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College

UCLA closing in on first national title on diamond

One win away

UCLA's Kevin Kramer (7) is greeted by teammates after he scored on a single by Pat Valaika against Mississippi State  in the first inning of Game 1 of the NCAA College World Series best-of-three finals Monday in Omaha, Neb.
UCLA's Kevin Kramer (7) is greeted by teammates after he scored on a single by Pat Valaika against Mississippi State in the first inning of Game 1 of the NCAA College World Series best-of-three finals Monday in Omaha, Neb.

BY ERIC OLSON

AP Sports Writer

OMAHA, Neb. – Adam Plutko limited Mississippi State to a run on four hits in six innings, and UCLA survived some anxious moments to beat the Bulldogs 3-1 in Game 1 of the College World Series finals Monday night.

Plutko retired nine straight to start, worked out of trouble twice and turned the game over to the bullpen in the seventh. The Bulldogs (51-19) left runners in scoring position four of the last six innings.

The Bruins (48-17) are one win from their first national championship in baseball and the school’s record 109th in a team sport. Mississippi State must win Game 2 tonight to keep alive its hopes for its first NCAA title in any sport.

UCLA made it 3-0 in the fourth on Eric Filia’s two-out, two-run single off Chad Girodo, who replaced starter Trevor Fitts (0-1) in the second. That was the last of the Bruins’ six hits.

Plutko (10-3) walked in the Bulldogs’ run in the fourth.

UCLA is 40-0 when leading after seven innings. There was drama all the way to the end.

The estimated 8,000 Mississippi State fans at TD Ameritrade Park started the “Maroon and White” chant in the bottom of the ninth after C.T. Bradford and pinch-hitter Sam Frost singled to put runners on first and second with one out against closer David Berg.

Nick Ammirati flew out, and pinch-hitter Jacob Robson ended the game with his comebacker to Berg, who sprinted toward first base before underhanding the ball to Pat Gallagher.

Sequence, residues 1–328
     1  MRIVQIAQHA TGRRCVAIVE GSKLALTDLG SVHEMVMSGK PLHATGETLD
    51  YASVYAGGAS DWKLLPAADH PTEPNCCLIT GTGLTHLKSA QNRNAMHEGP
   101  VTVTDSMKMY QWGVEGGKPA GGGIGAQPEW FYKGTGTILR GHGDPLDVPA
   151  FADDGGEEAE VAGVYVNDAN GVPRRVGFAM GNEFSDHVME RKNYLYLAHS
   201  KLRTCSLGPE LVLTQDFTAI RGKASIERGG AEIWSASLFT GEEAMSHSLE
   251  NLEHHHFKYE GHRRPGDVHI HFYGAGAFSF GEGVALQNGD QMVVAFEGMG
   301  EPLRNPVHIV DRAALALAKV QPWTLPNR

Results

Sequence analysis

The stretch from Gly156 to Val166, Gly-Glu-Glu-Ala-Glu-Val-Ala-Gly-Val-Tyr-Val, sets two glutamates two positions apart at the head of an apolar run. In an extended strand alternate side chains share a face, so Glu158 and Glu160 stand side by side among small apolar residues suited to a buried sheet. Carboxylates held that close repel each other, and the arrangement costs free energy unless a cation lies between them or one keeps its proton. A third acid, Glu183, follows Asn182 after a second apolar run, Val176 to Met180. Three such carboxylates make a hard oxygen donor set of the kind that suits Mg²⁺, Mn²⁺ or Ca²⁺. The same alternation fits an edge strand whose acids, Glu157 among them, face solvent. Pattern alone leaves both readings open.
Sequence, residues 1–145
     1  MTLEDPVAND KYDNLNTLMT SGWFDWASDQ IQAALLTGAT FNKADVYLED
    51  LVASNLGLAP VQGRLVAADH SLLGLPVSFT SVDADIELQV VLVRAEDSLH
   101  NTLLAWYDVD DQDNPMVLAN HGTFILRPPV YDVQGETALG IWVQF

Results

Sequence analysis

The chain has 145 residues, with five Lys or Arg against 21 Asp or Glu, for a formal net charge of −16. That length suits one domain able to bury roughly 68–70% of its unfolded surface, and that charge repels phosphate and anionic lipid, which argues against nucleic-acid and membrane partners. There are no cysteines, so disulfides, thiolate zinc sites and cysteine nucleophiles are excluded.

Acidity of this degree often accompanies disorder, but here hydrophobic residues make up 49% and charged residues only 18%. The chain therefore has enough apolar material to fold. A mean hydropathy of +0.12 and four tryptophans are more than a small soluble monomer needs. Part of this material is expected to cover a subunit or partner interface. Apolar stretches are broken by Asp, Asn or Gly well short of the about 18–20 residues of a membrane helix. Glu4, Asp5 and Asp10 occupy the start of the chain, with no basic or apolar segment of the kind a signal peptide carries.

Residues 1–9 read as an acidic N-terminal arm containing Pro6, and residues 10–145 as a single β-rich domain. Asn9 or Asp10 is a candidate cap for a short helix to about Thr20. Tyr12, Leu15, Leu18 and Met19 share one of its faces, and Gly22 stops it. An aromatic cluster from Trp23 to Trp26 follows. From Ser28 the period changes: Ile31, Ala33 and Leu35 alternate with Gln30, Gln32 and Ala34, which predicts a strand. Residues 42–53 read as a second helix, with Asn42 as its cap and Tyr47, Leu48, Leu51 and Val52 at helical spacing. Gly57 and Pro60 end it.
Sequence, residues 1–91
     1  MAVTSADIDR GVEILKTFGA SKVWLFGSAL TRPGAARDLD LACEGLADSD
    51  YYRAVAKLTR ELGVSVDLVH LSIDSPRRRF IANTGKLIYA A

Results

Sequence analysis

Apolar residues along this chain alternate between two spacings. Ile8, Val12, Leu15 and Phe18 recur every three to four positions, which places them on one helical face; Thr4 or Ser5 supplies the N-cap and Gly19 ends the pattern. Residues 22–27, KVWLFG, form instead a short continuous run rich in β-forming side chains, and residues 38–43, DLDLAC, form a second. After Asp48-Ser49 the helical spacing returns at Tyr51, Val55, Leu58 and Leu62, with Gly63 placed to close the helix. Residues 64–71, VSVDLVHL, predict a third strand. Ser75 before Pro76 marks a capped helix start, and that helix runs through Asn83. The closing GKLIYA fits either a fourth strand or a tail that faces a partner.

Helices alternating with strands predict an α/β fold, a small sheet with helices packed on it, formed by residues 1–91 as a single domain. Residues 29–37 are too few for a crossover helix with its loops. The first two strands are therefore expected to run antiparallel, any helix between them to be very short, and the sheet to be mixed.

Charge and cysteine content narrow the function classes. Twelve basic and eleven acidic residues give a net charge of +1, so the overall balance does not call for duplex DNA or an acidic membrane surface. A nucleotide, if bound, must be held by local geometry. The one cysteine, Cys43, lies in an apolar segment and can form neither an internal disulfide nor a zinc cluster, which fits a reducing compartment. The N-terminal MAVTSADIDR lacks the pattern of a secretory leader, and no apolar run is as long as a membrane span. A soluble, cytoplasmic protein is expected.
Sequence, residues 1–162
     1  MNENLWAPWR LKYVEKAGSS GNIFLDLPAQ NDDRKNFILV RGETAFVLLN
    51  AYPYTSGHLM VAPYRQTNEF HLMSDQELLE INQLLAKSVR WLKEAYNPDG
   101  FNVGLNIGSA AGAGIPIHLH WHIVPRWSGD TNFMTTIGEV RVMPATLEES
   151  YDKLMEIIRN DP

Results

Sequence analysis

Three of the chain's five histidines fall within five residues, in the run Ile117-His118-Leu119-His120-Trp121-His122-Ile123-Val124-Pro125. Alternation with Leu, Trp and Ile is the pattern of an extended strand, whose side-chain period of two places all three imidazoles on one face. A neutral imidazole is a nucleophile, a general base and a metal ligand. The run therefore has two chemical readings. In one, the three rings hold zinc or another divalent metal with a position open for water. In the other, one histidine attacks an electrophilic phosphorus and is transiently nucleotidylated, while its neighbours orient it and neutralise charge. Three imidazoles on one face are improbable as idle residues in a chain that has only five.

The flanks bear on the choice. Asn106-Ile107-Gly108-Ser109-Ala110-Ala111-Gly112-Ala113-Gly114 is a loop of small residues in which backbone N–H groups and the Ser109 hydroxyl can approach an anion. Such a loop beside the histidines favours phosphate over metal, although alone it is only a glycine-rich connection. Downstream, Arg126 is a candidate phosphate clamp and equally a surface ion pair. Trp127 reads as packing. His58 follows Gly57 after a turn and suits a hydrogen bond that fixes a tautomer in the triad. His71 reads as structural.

Berg, who was making his 50th appearance of the season, earned his NCAA-record 24th save for 1 2/3 innings of work.

The loss spoiled a splendid performance by Girodo, who pitched the last 7 2/3 innings. He allowed three hits, walked two and struck out nine. Both runs against him were unearned.

UCLA’s Plutko wasn’t overly sharp, unable to rely on his breaking ball and changeup to get outs. But he still continued his dominance in postseason play.

In eight career NCAA tournament games, he’s 7-0 with an 0.94 ERA.

The Bruins brought a .248 season batting average into the finals, and a .182 average through their first three CWS games.

They eked out enough offense to win again.

In the first three innings, they had batters reach on a dropped third strike, infield single, two hit batsmen and a throwing error.

But there were big hits, too.

Filia, who came in 1 for 9 in the CWS, doubled after Kevin Kramer struck out but reached because strike three was in the dirt. Pat Valaika’s single to center drove in Kramer for a 1-0 lead.

The Bruins added two more in the fourth. Brenton Allen singled and Brian Carroll reached when he bunted and catcher Ammirati made a bad throw to first.

Carroll ran into Bulldogs’ 6-foot-5, 272-pound first baseman Wes Rea while running through the bag. Rea stayed down after the knee-to-knee contact but was able to keep playing after an athletic trainer attended to him. Allen and Carroll came home on Filia’s base hit to right.

Mississippi State got its first hit with one out in the fourth when Alex Detz sent a ball up the middle. Brett Pirtle followed with a base hit and Rea was hit by a pitch to load the bases.

That got the “Maroon and White” chant started as Bradford came up to face Plutko. Bradford fouled off three straight pitches before the count ran full. Plutko walked him with a high changeup, bringing in Detz and UCLA coach John Savage out of the dugout for a mound visit.

Plutko’s 30-pitch inning ended when Trey Porter lined out.

Plutko had to endure more stress in the fifth. Filia made a leaping catch in right field to rob Ammirati of extra bases, Demarcus Henderson reached when Plutko misplayed a comebacker and moved to second on a balk. The inning ended on Detz’s line out to second baseman Cody Regis.

Freshman reliever James Kaprielian came on in the seventh with a man on and none out. After he walked Ammirati, Henderson, the team leader in sacrifice bunts, fouled off two bunt tries and then grounded to second, where Regis started a double play.

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